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How to Motivate Teens for an Assessment Test
- 1). Inform the teens of the exact nature and purpose of the assessment test: what is being tested, who is administering the test, why the assessment is important to the administrators, why the test is important to the teens themselves, how the results will affect them. Activate this awareness in their minds, and they should be willing to hear how they ought to prepare for the assessment.
- 2). Involve parents. Write a letter to the parents of the teens, informing them of the upcoming assessment. Cover the same who, what, why and how format with them. This accomplishes two results. The parents will support your methods of motivations; students will apply themselves more diligently to a task of which parents are aware.
- 3). Empower the students to believe in their own abilities and efforts by showing that you believe in them. Encourage teens consistently and firmly. When they see how much you care, then they will be authentic by validating their efforts when they accomplish even the littlest tasks. Segue immediately into discussions regarding the assessment test and explain how their successes--whether great or small--will prepare them for whatever comes their way on the test.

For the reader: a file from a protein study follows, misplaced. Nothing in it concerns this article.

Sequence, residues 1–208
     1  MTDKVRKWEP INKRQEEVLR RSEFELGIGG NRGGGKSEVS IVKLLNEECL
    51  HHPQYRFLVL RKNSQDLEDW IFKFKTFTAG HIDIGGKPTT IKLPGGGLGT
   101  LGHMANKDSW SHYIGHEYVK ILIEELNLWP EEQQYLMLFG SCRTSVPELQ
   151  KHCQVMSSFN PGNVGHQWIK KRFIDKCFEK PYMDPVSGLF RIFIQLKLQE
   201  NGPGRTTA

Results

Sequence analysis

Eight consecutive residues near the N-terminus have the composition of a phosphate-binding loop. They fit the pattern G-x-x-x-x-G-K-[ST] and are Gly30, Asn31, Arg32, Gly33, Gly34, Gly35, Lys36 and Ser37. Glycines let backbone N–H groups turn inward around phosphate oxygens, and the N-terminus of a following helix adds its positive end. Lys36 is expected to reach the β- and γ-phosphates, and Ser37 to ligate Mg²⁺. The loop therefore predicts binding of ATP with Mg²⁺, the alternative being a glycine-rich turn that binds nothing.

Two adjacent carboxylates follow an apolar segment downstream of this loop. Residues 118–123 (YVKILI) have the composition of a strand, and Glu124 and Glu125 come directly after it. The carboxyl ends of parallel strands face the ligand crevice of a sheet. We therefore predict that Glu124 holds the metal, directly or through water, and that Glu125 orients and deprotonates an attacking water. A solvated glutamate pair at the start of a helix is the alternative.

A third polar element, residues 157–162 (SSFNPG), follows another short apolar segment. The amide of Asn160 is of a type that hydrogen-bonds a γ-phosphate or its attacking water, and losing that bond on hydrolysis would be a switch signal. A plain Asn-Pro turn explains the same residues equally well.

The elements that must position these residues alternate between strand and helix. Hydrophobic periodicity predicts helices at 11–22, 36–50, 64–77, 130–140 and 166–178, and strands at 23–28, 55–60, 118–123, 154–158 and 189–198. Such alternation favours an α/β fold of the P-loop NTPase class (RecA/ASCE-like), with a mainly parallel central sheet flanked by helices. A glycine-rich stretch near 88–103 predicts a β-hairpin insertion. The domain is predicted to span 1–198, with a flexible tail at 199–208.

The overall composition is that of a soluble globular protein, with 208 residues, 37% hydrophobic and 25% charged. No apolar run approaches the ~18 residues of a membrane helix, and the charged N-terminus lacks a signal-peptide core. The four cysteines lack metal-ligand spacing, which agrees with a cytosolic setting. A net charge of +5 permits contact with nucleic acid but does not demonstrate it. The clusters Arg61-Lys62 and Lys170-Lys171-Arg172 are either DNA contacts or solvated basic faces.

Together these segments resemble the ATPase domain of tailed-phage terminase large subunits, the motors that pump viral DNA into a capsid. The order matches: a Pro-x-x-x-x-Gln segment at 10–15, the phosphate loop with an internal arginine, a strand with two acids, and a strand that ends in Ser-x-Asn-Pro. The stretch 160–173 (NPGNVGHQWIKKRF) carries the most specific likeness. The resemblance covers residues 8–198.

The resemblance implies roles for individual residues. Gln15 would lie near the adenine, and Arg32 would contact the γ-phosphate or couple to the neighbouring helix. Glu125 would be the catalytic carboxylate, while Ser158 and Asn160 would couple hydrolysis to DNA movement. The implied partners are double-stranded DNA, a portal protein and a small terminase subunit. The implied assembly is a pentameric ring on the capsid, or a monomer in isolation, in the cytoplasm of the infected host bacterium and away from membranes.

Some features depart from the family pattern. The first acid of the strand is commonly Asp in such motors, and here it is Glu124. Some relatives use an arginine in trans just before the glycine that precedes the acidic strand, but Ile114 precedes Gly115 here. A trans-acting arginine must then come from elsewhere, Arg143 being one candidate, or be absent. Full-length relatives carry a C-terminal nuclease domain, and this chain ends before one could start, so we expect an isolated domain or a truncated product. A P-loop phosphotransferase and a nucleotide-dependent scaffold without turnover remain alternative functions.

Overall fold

- 4). Allay fears by preparing teens for what kind of material will be covered. When teens are aware of what they must do and how they can go about it, they may apply themselves diligently to the task.
- 5). Make it meaningful to the teens. Meaningful learning motivates students to pay greater attention than do idle threats of increased work load or more homework. Clarify the relevance of the material to be tested and design lessons that emphasize the relevance. For example, in preparing writing lessons, include writing samples from each of their core courses, so they can see how what they're doing will benefit them in other classes.
- 6). Plan for a celebration of their preparation before the administration of the assessment, and make the teens aware of it. Offer bonuses to those who can validate their efforts to study and prepare independently.